Not only will congestion pricing make driving in the city more expensive, but it may raise the prices of homes, too.
Research suggests the move — which was aimed at easing traffic and raising revenue for the subway system — may boost residential real estate values in the pricing zone, the Wall Street Journal reported.
“You would expect house prices to increase because you have much less traffic around your house after the congestion charge,” said Cheng Keat Tang, a postdoctoral researcher at the University of Southern California.
In a working paper published last year, Tang examined the effect of London’s congestion pricing plan (which went into effect in 2003) on traffic and residential real estate prices. The research found that that congestion pricing raised the home values in the zone by 3 percent, which, Tang said, equates to “a windfall of more than £10 billion [$13 billion] for homeowners.”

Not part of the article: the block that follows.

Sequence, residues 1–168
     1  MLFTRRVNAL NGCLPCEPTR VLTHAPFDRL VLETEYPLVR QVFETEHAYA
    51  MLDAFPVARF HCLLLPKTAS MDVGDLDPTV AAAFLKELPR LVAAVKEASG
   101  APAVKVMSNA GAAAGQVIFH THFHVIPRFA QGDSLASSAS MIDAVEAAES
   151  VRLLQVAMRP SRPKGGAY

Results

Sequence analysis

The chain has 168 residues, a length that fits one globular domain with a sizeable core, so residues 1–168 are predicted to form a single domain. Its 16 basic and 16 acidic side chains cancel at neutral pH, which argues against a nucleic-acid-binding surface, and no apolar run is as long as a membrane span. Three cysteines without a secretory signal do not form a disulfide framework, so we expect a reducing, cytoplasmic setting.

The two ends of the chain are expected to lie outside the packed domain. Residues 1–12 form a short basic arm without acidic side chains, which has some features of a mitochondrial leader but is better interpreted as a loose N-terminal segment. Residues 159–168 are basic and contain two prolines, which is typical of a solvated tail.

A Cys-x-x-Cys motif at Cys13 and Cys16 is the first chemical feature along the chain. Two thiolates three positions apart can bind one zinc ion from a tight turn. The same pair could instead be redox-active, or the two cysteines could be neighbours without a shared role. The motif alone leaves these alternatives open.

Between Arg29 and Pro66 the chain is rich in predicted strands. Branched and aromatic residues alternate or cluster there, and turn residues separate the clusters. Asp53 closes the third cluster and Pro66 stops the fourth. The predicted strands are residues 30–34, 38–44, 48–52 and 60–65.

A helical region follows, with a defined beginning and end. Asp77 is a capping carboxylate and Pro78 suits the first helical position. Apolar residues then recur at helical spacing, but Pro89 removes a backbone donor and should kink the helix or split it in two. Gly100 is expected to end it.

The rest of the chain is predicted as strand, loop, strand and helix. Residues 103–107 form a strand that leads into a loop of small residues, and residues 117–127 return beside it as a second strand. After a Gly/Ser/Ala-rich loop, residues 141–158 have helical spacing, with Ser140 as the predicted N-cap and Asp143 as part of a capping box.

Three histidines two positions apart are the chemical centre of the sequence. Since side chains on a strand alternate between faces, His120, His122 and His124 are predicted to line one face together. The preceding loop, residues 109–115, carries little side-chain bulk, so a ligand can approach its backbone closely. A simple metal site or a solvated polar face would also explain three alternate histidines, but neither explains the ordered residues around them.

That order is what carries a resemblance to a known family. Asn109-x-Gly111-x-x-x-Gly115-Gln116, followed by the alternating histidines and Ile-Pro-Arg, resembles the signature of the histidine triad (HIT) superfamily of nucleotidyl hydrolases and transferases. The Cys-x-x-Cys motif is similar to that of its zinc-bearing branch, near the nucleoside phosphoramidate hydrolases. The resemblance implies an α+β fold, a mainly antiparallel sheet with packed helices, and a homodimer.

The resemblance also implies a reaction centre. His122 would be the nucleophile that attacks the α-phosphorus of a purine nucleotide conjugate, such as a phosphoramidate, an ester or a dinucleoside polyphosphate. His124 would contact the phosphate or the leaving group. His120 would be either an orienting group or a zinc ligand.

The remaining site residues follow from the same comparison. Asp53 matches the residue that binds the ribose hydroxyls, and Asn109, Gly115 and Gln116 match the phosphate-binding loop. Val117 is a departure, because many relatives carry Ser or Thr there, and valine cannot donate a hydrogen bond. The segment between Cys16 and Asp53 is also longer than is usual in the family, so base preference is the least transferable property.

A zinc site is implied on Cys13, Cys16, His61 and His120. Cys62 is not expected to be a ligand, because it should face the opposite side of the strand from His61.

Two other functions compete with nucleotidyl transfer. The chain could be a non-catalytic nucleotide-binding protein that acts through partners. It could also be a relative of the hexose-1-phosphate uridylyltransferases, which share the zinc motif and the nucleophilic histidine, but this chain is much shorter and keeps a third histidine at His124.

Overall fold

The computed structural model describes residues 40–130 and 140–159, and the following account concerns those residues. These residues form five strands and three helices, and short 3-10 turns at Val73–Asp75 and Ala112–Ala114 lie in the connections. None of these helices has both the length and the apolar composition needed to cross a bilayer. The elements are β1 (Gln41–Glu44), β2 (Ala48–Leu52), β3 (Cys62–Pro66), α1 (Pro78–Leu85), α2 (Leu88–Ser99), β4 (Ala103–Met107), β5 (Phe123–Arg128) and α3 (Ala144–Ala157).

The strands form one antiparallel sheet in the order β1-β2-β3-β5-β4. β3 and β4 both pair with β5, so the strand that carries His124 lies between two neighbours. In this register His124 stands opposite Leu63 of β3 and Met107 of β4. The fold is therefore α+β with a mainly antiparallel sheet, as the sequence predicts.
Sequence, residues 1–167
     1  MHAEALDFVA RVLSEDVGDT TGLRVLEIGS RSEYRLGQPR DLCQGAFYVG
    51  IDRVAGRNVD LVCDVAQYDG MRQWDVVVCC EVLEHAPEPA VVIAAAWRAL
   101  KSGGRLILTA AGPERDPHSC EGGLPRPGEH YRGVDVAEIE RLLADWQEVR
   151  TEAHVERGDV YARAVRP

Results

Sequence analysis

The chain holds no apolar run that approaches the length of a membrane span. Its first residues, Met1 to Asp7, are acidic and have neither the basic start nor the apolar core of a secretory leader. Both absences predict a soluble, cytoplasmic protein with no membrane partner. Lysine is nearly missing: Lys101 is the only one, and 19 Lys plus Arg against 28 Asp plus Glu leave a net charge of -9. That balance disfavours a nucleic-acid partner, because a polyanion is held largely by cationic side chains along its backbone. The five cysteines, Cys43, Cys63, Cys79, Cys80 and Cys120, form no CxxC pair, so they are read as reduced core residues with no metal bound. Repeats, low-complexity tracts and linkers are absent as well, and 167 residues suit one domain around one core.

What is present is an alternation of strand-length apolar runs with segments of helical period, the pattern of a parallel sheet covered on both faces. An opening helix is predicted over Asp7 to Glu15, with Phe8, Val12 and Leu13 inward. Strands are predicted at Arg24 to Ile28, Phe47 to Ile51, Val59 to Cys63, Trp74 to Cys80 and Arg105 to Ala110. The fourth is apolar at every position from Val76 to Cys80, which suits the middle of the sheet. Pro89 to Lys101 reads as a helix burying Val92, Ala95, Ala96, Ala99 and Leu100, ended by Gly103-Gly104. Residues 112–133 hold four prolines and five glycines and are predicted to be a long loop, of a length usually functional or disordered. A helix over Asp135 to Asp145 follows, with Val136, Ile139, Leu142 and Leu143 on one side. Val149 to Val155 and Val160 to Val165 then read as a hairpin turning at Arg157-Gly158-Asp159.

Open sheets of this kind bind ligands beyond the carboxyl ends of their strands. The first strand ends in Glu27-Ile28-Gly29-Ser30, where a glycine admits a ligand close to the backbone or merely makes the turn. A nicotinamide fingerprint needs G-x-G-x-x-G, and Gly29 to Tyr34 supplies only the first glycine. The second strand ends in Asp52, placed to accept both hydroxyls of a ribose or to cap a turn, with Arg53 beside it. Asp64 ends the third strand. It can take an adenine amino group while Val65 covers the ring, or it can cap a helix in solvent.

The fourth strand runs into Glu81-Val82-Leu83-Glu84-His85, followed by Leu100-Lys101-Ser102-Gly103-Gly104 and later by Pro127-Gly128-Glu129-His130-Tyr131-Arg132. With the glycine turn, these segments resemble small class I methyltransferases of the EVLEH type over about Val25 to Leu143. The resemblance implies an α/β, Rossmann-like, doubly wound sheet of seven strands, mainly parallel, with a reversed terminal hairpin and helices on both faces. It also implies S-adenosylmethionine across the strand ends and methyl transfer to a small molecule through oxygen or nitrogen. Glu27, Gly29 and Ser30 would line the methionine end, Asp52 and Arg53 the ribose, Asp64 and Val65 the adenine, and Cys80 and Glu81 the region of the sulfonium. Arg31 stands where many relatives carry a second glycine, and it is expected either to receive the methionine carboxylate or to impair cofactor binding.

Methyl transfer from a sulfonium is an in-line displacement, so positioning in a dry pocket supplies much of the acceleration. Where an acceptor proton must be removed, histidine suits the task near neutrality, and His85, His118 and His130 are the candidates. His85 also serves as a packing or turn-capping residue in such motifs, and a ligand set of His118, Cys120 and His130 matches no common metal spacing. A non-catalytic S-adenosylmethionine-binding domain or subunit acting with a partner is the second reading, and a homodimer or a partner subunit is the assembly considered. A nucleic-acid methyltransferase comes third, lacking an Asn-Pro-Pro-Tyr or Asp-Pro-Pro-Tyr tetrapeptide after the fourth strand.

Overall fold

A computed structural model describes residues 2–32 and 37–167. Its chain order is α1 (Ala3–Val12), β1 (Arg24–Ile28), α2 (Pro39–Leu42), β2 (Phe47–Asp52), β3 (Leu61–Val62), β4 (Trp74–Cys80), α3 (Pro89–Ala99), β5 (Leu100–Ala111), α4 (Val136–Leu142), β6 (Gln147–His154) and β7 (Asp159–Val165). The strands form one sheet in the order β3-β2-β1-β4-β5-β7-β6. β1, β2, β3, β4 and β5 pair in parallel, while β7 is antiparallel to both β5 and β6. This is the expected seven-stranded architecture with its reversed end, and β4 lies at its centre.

Mark Chin, managing director of Keller Williams Tribeca, said he expected housing prices in outer-borough neighborhoods with poor public-transit access to take a hit because residents will face higher commuting costs. Plus, the expected increased traffic could depress prices in areas just outside the zone.
“If I were looking at real estate in the 60s, I would be thinking [the pricing plan] could have a slightly negative impact,” he said.
Meanwhile, commercial real estate may see a dip. Per a 2015 study, Singapore’s congestion pricing led to a 19 percent decline in retail real estate within the pricing zone. Researchers found the charge at “no significant impact” on residential real estate. [WSJ] — Meenal Vamburkar